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dc.contributor.authorDaniello, Allison Louiseen_US
dc.date.accessioned2013-05-05T08:00:16Z
dc.date.available2013-05-05T08:00:16Z
dc.date.issued2013-05-04en_US
dc.identifier.othervt_gsexam:587en_US
dc.identifier.urihttp://hdl.handle.net/10919/20381
dc.description.abstractMore motorcyclists are fatally injured each year in guardrail crashes than passengers of any other vehicle, while only accounting for three percent of the vehicle fleet. Since motorcyclists account for a high percentage of these fatalities, the goal of zero deaths on the road cannot be achieved without addressing the safety of motorcyclists. The objective of this research was to determine the factors that lead to serious or fatal injury in motorcycle barrier crashes, given that a crash occurred.

The likelihood of serious or fatal injury in barrier crashes was significantly influenced by both barrier type and rider trajectory after striking the barrier. A national study of motorcyclist fatality risk using the Fatality Analysis Reporting System (FARS) and General Estimates System (GES) showed that crashes with guardrail than crashes were about 7 times more likely to be fatal than those with the ground, based on the most harmful event reported. An analysis of 1,000 riders in barrier crashes in three states showed that the odds of serious injury were 1.4 times greater in guardrail crashes than in concrete barrier crashes. These analyses did not take into account the trajectory of the rider after striking the barrier, since this was unknown. The police accident report for 350 barrier crashes in New Jersey was used to determine the rider trajectory in those crashes. Being ejected from the motorcycle after impacting the barrier significantly increased the odds of serious injury over crashes where the rider was not ejected.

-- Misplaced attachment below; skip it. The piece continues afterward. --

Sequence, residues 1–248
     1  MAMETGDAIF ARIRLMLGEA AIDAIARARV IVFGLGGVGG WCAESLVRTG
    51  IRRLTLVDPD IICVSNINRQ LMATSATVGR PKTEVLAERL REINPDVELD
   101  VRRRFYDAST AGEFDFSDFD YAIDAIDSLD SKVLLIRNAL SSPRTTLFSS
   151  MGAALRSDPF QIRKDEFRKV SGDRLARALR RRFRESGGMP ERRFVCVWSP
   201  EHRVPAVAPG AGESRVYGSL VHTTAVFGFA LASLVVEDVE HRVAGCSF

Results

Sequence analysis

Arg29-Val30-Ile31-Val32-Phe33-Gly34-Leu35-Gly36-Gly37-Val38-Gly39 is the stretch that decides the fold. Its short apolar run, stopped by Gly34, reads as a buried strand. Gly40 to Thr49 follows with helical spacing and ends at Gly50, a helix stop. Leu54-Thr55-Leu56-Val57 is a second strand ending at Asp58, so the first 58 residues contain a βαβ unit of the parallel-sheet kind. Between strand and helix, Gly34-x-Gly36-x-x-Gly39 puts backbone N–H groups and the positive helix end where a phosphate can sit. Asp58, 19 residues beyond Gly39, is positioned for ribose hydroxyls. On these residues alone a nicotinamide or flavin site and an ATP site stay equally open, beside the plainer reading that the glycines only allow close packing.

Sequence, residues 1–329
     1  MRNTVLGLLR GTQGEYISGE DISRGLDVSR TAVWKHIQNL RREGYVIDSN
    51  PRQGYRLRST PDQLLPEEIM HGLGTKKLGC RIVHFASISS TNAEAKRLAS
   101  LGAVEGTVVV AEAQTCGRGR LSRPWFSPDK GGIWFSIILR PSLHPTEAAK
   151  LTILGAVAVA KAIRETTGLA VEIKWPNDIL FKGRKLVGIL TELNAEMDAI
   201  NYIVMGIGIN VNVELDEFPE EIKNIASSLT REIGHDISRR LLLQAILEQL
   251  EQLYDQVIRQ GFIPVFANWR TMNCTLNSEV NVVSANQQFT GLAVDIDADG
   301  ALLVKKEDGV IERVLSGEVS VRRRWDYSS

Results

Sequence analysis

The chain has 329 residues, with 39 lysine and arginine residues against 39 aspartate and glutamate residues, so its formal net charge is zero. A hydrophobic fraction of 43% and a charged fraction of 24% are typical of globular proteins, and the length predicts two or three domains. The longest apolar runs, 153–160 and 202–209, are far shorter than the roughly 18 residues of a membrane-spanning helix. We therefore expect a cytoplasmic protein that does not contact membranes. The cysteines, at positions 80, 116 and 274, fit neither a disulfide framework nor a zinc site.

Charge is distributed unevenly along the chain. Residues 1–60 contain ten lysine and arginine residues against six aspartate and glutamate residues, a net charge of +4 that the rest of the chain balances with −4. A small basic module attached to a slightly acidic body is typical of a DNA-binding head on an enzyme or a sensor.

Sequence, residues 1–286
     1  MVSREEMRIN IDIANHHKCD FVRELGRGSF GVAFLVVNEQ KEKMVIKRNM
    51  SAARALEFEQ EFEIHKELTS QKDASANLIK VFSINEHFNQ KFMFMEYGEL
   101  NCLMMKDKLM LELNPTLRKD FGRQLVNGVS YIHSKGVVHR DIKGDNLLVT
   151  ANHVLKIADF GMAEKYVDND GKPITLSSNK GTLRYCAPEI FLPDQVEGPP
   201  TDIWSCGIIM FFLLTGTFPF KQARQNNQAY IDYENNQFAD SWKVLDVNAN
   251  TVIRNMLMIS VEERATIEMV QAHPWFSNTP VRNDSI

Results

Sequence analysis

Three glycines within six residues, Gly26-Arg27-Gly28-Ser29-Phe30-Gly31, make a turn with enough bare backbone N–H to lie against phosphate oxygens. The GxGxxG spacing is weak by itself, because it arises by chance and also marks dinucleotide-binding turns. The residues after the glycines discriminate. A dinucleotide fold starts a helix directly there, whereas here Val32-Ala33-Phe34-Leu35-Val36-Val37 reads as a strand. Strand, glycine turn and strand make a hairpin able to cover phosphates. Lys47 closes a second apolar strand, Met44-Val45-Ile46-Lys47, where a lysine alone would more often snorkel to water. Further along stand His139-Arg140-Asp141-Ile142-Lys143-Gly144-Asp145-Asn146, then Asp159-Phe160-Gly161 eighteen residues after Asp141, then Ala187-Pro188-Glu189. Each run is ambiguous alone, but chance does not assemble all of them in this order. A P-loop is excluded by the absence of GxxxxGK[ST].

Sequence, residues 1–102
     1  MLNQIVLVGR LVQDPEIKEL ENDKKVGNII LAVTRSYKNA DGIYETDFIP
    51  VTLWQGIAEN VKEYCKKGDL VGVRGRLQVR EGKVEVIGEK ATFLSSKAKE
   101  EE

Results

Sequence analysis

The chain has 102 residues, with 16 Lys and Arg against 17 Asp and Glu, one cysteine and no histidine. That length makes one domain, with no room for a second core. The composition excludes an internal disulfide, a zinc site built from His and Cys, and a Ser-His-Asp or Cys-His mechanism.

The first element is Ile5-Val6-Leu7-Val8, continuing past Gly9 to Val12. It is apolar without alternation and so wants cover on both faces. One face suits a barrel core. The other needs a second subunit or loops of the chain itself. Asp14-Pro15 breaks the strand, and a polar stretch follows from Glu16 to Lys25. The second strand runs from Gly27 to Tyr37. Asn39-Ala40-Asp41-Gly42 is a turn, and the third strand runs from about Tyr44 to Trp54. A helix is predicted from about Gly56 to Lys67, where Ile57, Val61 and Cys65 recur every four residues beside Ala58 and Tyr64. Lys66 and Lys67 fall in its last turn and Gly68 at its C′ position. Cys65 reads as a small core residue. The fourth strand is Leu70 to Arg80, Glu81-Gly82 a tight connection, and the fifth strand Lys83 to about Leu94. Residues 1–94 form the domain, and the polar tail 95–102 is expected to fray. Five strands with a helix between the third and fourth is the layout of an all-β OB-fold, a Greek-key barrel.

While providing insight into factors influencing injury severity, these analyses do not provide an understanding of the nature of injuries incurred in these crashes. To further understand how injuries were caused in motorcycle-barrier crashes, we developed a methodology for determining injury mechanisms in motorcycle-barrier collisions. Using this methodology, we investigated 9 serious motorcycle-to-barrier crashes. In these crashes, as well as in an analysis of 106 barrier crashes in Maryland, the thorax and lower extremities most commonly suffered serious injury. Of particular concern are the posts and top of the rail, both of which can lead to lacerations and blunt trauma.  
en_US
dc.format.mediumETDen_US
dc.publisherVirginia Techen_US
dc.rightsThis Item is protected by copyright and/or related rights. Some uses of this Item may be deemed fair and permitted by law even without permission from the rights holder(s), or the rights holder(s) may have licensed the work for use under certain conditions. For other uses you need to obtain permission from the rights holder(s).en_US
dc.subjectMotorcycle Safetyen_US
dc.subjectRoadside Barrieren_US
dc.subjectRoadside Objecten_US
dc.subjectInjury Risken_US
dc.titleInjury Mechanisms in Roadside Motorcycle Collisionsen_US
dc.typeDissertationen_US
dc.contributor.departmentBiomedical Engineeringen_US
dc.description.degreePh. D.en_US
thesis.degree.namePh. D.en_US
thesis.degree.leveldoctoralen_US
thesis.degree.grantorVirginia Polytechnic Institute and State Universityen_US
thesis.degree.disciplineBiomedical Engineeringen_US
dc.contributor.committeechairGabler, Hampton Clayen_US
dc.contributor.committeememberMcLaughlin, Shane B.en_US
dc.contributor.committeememberStitzel, Joel D.en_US
dc.contributor.committeememberDuma, Stefan M.en_US
dc.contributor.committeememberMadigan, Michael L.en_US


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